Petalumans interested in seeing a host of badly needed transportation projects completed in the North Bay will have the chance to make that happen in June with a ballot measure that would raise Bay Area bridge tolls to pay for the improvements.
If Regional Measure 3 on the June 5 ballot is approved, tolls on seven state-owned Bay Area bridges, not including the Golden Gate, would increase by $1 in January 2019, with subsequent $1 increases in January 2022 and 2025.
The measure would raise $4.5 billion to fund a comprehensive suite of Bay Area highway and transit improvements along with expanded bus and ferry services. Here in the North Bay, we stand to receive $1.1 billion, including $120 million to complete the long delayed Highway 101 widening project from the county line to Novato; $100 million to initiate Highway 37 improvements; and $40 million to extend the SMART train from Santa Rosa to Windsor.
Drivers from Sonoma County represent 2 percent of bridge crossings, according to the Bay Area’s Metropolitan Transportation Commission, yet the county would receive a total of 3 percent of new bridge toll revenues over a 25-year period. That’s a very good deal for Sonoma County, and one we cannot afford to pass up.
Tolls are currently running $5 on the seven affected Bay Area bridges — the San Francisco-Oakland Bay Bridge, Richmond-San Rafael Bridge, San Mateo Bridge, Dumbarton Bridge, Benicia Bridge, Carquinez Bridge and Antioch Bridge. By comparison, toll rates for bridges and tunnels in the New York City metropolitan area run between $10.50 and $17.
The ballot measure, which requires a simple majority to pass, comes as state and regional transportation officials are attempting to address an enormous backlog of infrastructure projects after years of underfunding. Thanks to the state legislature’s passage last year of SB1, which allowed a modest increase in the state gas tax, we are starting to see some progress. Until recently, the gas tax had not been increased since 1992, and was never indexed to the cost of inflation.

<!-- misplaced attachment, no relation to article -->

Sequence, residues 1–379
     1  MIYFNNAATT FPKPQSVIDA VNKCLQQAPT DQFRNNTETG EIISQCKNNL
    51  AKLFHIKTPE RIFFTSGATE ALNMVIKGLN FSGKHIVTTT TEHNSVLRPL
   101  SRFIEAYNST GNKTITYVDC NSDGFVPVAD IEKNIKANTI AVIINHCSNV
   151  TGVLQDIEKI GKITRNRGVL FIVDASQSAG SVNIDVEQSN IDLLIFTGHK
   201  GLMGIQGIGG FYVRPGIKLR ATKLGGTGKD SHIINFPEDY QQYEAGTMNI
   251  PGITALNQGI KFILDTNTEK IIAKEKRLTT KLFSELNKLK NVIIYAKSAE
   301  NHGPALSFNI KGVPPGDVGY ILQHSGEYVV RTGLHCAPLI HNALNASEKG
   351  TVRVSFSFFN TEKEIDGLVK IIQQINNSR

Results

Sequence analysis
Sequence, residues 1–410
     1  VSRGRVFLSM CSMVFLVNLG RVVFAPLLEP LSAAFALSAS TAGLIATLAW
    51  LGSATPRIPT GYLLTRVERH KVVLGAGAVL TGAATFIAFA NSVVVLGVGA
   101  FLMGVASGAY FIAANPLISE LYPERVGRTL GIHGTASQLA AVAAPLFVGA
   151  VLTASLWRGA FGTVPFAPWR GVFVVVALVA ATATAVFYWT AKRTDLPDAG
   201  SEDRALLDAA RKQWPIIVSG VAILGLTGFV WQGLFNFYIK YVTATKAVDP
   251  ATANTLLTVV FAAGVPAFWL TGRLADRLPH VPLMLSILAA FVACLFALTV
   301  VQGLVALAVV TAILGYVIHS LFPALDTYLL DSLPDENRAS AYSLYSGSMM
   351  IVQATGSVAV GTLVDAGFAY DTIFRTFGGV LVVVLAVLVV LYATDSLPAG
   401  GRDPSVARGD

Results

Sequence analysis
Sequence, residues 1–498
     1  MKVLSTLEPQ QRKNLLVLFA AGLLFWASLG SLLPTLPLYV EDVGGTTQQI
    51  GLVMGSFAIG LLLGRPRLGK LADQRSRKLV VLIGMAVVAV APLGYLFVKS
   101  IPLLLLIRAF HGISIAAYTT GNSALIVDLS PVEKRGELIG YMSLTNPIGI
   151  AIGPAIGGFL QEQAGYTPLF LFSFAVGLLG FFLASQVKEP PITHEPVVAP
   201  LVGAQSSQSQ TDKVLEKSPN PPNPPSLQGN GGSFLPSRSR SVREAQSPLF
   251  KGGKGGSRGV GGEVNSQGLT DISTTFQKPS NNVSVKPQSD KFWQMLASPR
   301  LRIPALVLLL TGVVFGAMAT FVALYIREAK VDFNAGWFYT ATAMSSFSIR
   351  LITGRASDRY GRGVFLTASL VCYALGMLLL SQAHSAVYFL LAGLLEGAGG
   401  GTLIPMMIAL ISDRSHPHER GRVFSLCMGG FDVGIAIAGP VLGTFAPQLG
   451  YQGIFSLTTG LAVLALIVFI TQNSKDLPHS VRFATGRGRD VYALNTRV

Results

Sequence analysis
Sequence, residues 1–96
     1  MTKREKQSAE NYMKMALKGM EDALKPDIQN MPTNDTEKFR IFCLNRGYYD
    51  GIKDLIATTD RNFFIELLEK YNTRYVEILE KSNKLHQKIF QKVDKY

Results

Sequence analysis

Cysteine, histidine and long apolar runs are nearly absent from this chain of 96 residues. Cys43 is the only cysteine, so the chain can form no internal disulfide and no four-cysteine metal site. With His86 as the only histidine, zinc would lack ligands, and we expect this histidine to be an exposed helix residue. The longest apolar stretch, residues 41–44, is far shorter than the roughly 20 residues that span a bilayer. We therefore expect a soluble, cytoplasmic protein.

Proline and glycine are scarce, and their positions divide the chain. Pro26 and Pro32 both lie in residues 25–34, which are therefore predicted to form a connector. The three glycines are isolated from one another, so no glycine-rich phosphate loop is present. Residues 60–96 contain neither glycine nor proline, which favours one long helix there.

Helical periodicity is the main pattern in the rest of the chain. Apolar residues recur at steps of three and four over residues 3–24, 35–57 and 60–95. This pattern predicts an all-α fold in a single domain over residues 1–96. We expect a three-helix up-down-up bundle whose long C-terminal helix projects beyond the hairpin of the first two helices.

As a result, numerous road projects across the state have gone unfinished, including the Highway 101 widening here in the North Bay. But next month, county officials hope to win approval of an $80 million grant from SB1 funds that would be used to widen Highway 101 through central Petaluma. Funding to finish the job of expanding the roadway between the county line and Novato could come from Regional Measure 3.
Measure 3 would also help jump start a longterm fix for Highway 37 southeast of Petaluma, a perpetually clogged 21-mile transportation artery that each weekday carries 40,000 motorists with backups extending for miles. According to Caltrans, conventional state and highway funding will not allow a Highway 37 project to get underway for another 70 years.
We’re sorry to have to say this, but Highway 37 will be under water in 70 years due to global warming. That threat of highway inundation became reality in early 2017 when flooding forced Highway 37’s closure for multiple days near the Marin-Sonoma border after rainstorms combined with exceptionally high tides and overtook the road at Novato Creek. So waiting for the state to solve the problem for us in 70 years is not an option.
If Bay Area residents want to see the region’s transportation problems resolved, they are going to need to take action. Regional Measure 3 is the most cost effective method for achieving the goal.